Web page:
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‘Uninsured’ Bali travellers should take some blame

Countless young Aussies are among those who are stuck in Bali, or who have reportedly jumped on buses or ferries to escape the island, as Mt Agung readies to properly erupt.


Some of those remaining are concerned about running out of money for food and accommodation – as well as how and when they will actually get home, no doubt.


But many young tourists have taken aim at travel insurers for their dilemma, saying they've been abandoned as events have unfolded.


Image AAP


On her first overseas trip without her family, Emily Martin, 19, told Australian Associated Press that insurers were leaving travellers “in the dark”.


“They don't really tell you that you're not covered by the insurance for the volcano…” she said.


Her friend, Dannielle Hicks, 19, told AAP she had sobbed when she realised she would run out of money abroad.


Surely, there would be many others who feel the same way too.


It would be easy to point the finger at insurers for leaving travellers ‘without assistance’ during the current situation in Bali (or in similar events, for that matter). And indeed insurers have limited financial and other support during the eruption of Mt Agung.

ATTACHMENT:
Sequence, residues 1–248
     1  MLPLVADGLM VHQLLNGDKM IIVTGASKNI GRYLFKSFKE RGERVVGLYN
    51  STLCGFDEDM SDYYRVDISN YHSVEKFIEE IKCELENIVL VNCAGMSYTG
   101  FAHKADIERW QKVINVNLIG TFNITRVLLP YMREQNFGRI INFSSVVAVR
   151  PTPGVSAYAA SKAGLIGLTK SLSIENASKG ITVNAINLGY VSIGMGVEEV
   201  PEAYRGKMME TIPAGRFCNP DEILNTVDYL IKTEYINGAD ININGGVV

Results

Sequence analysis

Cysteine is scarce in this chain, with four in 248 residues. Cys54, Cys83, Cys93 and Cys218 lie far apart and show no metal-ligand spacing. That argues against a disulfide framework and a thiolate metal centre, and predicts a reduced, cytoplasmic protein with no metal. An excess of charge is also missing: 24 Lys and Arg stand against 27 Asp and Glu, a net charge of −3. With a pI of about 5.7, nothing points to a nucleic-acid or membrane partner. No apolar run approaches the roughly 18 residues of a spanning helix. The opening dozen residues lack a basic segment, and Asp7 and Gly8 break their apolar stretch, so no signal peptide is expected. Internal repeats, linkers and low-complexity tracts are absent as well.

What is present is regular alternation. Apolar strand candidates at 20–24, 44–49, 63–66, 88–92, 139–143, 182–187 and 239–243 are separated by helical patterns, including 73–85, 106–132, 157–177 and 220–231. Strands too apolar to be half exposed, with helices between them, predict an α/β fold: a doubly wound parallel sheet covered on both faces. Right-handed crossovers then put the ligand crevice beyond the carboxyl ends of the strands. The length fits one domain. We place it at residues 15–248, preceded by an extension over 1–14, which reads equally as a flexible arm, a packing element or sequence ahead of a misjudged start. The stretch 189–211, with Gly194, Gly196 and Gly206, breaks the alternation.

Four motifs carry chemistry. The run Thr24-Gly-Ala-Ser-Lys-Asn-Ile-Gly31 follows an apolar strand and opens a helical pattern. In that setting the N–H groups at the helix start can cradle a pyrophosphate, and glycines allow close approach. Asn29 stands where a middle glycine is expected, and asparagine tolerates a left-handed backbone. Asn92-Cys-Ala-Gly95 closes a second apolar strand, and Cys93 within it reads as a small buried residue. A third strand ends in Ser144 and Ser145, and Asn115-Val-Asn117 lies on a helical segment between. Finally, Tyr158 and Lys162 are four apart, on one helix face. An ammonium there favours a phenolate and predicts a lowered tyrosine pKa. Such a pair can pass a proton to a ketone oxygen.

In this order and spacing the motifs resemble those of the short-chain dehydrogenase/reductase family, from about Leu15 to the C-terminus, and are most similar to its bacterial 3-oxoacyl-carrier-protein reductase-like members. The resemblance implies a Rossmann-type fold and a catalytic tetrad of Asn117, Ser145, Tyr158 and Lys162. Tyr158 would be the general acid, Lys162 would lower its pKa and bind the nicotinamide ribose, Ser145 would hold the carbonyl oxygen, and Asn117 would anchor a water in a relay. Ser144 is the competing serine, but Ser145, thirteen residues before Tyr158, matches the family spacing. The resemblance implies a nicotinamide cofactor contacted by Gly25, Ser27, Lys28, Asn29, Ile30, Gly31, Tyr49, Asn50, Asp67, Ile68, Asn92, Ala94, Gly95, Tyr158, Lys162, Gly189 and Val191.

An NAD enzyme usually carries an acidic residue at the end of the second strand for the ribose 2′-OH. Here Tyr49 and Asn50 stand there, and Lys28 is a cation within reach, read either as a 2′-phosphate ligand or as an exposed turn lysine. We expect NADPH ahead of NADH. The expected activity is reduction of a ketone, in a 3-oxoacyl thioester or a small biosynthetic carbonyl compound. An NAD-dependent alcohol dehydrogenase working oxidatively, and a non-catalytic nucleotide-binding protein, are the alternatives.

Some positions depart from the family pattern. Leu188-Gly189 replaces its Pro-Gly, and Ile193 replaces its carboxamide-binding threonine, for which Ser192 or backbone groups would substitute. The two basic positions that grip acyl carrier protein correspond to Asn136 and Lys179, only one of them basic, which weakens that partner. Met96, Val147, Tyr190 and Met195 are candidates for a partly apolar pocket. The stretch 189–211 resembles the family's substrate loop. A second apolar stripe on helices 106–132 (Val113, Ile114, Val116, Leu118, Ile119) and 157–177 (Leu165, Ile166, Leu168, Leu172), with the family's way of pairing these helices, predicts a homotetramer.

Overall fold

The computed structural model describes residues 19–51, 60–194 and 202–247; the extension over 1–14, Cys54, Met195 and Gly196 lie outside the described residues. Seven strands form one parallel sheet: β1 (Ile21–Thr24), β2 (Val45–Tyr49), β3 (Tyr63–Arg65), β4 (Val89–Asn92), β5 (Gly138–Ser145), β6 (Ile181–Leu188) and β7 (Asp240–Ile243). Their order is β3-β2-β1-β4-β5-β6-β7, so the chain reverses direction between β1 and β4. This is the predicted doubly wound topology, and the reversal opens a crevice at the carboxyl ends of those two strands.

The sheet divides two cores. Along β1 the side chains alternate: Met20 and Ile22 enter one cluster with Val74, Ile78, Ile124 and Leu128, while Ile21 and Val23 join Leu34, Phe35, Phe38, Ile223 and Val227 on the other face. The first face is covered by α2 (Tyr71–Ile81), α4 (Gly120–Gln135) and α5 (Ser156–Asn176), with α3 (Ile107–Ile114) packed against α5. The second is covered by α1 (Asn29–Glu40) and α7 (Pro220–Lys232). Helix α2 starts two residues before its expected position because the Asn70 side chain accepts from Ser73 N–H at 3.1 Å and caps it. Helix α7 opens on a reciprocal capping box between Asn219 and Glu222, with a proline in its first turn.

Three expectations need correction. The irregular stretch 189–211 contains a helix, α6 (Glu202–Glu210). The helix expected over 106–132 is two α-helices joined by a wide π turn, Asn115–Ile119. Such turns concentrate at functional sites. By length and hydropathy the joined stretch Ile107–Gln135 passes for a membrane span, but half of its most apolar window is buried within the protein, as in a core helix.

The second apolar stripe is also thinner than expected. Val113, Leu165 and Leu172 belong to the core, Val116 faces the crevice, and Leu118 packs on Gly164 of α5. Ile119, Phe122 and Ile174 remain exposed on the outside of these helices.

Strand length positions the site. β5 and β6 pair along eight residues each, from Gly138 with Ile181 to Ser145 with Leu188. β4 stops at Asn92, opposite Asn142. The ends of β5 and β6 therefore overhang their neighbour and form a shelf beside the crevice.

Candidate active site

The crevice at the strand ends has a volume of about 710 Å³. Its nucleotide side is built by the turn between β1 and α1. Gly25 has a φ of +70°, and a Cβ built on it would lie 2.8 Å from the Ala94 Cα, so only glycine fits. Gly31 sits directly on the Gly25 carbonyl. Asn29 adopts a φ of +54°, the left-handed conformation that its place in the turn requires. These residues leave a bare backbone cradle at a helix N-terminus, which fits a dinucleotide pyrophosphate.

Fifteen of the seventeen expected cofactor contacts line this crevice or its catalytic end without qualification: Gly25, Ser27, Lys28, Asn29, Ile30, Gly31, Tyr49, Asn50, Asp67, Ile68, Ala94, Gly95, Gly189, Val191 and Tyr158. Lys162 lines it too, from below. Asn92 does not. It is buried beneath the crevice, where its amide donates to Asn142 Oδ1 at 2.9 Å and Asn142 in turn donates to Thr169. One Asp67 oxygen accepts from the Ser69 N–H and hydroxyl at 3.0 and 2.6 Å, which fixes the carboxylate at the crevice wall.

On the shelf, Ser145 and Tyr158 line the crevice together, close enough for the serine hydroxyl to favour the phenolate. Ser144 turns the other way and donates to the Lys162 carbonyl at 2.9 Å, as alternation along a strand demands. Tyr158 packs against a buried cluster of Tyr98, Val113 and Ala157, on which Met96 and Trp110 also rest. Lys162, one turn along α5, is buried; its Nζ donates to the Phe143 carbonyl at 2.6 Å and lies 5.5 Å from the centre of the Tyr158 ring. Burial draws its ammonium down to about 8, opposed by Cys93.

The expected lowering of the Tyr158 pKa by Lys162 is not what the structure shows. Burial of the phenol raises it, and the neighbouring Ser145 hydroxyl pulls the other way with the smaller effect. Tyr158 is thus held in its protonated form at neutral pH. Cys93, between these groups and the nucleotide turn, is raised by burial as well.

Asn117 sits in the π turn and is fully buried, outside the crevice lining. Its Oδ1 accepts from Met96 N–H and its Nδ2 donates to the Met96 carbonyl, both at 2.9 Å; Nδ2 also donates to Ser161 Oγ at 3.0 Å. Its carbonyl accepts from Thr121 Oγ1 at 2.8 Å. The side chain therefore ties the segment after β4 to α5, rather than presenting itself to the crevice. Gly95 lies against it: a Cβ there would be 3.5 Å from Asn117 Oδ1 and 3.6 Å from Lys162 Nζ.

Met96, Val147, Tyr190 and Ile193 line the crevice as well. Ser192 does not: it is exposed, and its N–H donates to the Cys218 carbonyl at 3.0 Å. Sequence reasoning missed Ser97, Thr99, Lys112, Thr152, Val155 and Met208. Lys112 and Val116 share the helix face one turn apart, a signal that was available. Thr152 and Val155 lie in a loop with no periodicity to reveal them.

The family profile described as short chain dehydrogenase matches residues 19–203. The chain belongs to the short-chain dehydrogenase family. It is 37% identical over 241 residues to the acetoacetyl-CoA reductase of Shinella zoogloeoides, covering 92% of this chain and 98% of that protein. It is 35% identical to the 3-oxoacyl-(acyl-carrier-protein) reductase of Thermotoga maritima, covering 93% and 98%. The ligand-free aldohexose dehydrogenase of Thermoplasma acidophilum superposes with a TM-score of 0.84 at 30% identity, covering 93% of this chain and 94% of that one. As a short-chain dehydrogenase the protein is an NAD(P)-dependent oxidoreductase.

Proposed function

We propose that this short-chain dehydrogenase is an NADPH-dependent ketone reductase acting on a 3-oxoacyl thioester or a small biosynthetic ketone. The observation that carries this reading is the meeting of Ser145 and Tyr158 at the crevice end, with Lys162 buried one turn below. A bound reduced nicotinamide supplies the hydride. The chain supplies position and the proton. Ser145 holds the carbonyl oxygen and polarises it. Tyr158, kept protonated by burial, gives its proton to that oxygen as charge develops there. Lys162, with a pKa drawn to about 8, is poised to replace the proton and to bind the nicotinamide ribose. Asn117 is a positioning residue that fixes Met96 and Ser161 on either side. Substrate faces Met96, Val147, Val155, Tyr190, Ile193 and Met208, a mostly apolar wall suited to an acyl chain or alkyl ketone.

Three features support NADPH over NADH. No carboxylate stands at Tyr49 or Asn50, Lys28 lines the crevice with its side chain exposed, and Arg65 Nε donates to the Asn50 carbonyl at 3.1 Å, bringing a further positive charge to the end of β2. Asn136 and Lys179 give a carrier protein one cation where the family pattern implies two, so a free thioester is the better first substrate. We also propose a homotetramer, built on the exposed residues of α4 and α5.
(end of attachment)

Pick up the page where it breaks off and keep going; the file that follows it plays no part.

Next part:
But ultimately, it is up to consumers to consider any events that may exclude them from coverage - like volcanic eruptions – and importantly, the cut-off dates for coverage of such events. And as always, holidaymakers need to be responsible for ensuring they purchase the right level of coverage for their trips.


As per consumer website, CHOICE: “Taking it [travel insurance] out to cover for a known event would be the equivalent of taking out car insurance after you've had an accident. If you haven't already bought travel insurance, you still need it for any future unseen events.”


“Some insurers re-instated cover for the Mount Agung volcano between the tremors in September and the eruption in November.”


Denpasar Airport remains closed for a third successive day. According to The Jakarta Post, in a statement, Bali Governor Made Mangku Pastika asked hotels to give at least one-night of free accommodation to those affected by the airport closure, and offer the lowest rates for those needing to extend their stay.


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Written by: Mark Harada
Published: 29 November 2017

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